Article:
Skip to content

“Puppy Farm” or “Commercial Breeder”?

As the diverse range of topics on this blog testifies, philosophical questions concerning practical ethics crop up every day, in a variety of circumstances. Today, I had my own ethical dilemma – this time regarding puppies. Having just moved into my new house, I am now searching for a puppy. When I saw an advert for some puppies for sale in a small village in South Oxfordshire, I became excited: could this be the one?

This morning, after I had arranged an appointment to visit the pups, I began searching online for more details. Specifically, the pups were being sold by what is known as a “commercial breeder”: a business that breeds and sells puppies, primarily for profit. To me, this sounded almost identical to the oft-maligned “puppy farms”, or “puppy mills”. As one website ( describes it, a puppy farm is

 A business that mass-produces dogs for a profit with little or no regard for the health and well-being of the puppies and dogs.   It is a facility where puppies are sold to brokers, pet stores or individuals without regard for the puppy.  They usually have many breeding animals in many different breeds and often, but not always, substandard health, living and socialization conditions.

Now, that sounds bad – and indeed puppy farms are maligned across the UK. The national Dogs Trust has a campaign against puppy farms (“battery farming of dogs”); as does the Kennel Club, and a dedicated charity – Puppywatch – exists to try and stop puppy farming. What about commercial breeders? A commercial breeder is

A person who maintains large numbers of breeding females and/or stud dogs and who breeds more than three litters of puppies a year from the bitches or who provides stud services for more than fifteen bitches a year (based on UK income levels) …   production of puppies only because there is a market or one needs a bit of extra money is still commercial breeding… commercial breeding differs from puppy milling notably in that commercial breeders sell only to individuals and never to brokers or pet stores.

This difference in terminology, it seems, largely comes down to the fact that puppy farms sell to an intermediate (which subsequently sells the pup to a buyer), while a commercial breeder sells directly to the buyer. But what are the ethical differences? Are puppy farms worse than commercial breeding organizations?

It would be hard to argue that the mere act of selling to an intermediary constitutes a significant moral difference. If I were to buy a puppy from well-respected and caring breeder, but then subsequently sell it onto a neighbor at a profit, would that be morally wrong? It seems intuitive to me that it would not be morally wrong – that the key issue here is the welfare of the animals concerned. We do not have moral concerns about, for example, buying or selling food produce from either the supplier directly (e.g. at a farmer’s market) or through an intermediary (e.g. a greengrocers). Rather, it seems intuitive (to me, at least) that the ethical issue arising from the production of puppies for profit is directly linked to the experiences and quality of life that the dogs receive.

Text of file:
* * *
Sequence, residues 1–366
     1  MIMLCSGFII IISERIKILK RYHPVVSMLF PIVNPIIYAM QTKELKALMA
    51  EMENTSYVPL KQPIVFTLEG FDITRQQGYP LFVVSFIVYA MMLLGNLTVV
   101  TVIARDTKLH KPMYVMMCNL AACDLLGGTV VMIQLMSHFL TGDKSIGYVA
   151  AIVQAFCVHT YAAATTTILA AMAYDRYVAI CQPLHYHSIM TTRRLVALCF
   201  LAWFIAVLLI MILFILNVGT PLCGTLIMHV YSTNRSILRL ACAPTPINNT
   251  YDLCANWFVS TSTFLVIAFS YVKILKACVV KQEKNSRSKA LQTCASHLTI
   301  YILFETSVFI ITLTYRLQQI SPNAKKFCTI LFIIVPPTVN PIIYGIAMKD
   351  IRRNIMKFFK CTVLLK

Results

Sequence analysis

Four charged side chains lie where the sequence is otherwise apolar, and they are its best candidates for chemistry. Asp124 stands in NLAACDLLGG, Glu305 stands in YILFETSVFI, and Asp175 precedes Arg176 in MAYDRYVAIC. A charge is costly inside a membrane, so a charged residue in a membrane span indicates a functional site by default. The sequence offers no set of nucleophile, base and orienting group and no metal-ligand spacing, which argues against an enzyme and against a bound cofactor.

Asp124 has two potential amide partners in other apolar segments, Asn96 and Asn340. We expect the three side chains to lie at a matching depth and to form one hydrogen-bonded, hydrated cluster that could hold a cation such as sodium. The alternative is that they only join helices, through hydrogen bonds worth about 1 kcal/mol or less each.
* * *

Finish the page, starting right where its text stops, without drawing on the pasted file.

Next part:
Indeed, in the place I went to I have to say that it certainly seemed to fit my idea of a puppy farm. There were four litters of puppies, all locked inside in small pens in an outhouse. The mothers and puppies seemed dirty and afraid of humans. As the owner explained, that is ‘normal’ because they are on their own a lot of the time without humans. It was explained to me that each bitch has four litters consecutively (the ‘safe’ amount) and is then got rid of. I went to see the other dogs there – the male dogs and the females not with litters at this time. All the dogs were locked away in kennels outside, with some concrete space to run, at least, but no grass or anywhere to play. While there I felt extremely uncomfortable, almost as though the clear wrongness I felt that was going on there was being transferred to me. It sounds hyperbolic but I started to feel dirty that I was even there. The line between puppy farm and commercial breeder, it became evident, is worryingly thin. Even as someone who knows a lot about dogs, this was an eye opening experience.

Why does this matter? I think it matters because this existing terminology and seemingly arbitrary division helps to obscure the issue, allowing puppy farms to flourish on the basis of being commercial breeders – simply by selling directly to customers instead of an intermediary. More broadly, it highlights that the way we define and use these concepts has important consequences for how we perceive things ethically.  If there is little to no clear ethical differences between commercial breeders and puppy farms merely as a function of whether the animals are sold indirectly or directly, what use is this distinction? Its main purpose seems to be to legitimize cruel treatment of dogs under the guise of a registered ‘business’. If the public are to be made aware of the dangers of puppy farms, campaigns must focus on the real underlying issue – that of cruel treatment to animals – rather than the specific details in which the animal is sold.

Share on